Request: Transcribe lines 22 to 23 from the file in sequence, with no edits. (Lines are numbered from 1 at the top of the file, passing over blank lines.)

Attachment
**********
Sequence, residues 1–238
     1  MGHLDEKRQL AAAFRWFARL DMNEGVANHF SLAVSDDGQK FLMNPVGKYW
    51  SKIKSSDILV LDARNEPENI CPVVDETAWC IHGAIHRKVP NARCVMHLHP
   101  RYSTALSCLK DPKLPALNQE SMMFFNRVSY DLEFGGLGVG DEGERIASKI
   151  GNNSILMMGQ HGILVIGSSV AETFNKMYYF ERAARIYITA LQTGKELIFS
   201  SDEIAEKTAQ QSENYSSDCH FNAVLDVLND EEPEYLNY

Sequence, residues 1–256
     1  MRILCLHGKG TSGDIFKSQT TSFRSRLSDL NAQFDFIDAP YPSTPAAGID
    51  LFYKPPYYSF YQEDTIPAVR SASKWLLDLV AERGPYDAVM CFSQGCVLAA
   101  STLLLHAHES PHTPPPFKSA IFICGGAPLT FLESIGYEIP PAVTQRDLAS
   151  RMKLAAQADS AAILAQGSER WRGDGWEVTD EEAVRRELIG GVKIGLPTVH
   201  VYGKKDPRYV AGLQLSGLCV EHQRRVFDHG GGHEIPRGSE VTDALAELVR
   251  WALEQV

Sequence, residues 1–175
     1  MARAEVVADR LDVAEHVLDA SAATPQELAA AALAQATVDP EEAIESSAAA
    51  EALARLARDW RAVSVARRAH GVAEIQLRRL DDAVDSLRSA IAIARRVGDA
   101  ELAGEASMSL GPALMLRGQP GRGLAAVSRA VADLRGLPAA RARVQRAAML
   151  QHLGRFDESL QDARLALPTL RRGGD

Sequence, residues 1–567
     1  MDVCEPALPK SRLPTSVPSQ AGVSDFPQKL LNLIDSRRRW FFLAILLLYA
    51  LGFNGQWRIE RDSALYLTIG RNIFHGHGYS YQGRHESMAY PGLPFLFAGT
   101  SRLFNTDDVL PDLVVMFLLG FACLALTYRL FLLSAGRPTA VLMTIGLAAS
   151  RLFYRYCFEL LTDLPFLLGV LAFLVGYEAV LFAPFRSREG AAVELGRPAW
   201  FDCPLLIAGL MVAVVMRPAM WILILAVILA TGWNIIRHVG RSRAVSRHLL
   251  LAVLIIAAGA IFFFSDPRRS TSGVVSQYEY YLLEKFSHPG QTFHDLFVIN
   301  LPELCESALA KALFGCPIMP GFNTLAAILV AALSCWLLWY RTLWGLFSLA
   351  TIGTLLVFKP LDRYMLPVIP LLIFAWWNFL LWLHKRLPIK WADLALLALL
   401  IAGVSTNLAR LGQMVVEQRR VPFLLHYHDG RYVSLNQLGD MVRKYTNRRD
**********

   101  SRLFNTDDVL PDLVVMFLLG FACLALTYRL FLLSAGRPTA VLMTIGLAAS
   151  RLFYRYCFEL LTDLPFLLGV LAFLVGYEAV LFAPFRSREG AAVELGRPAW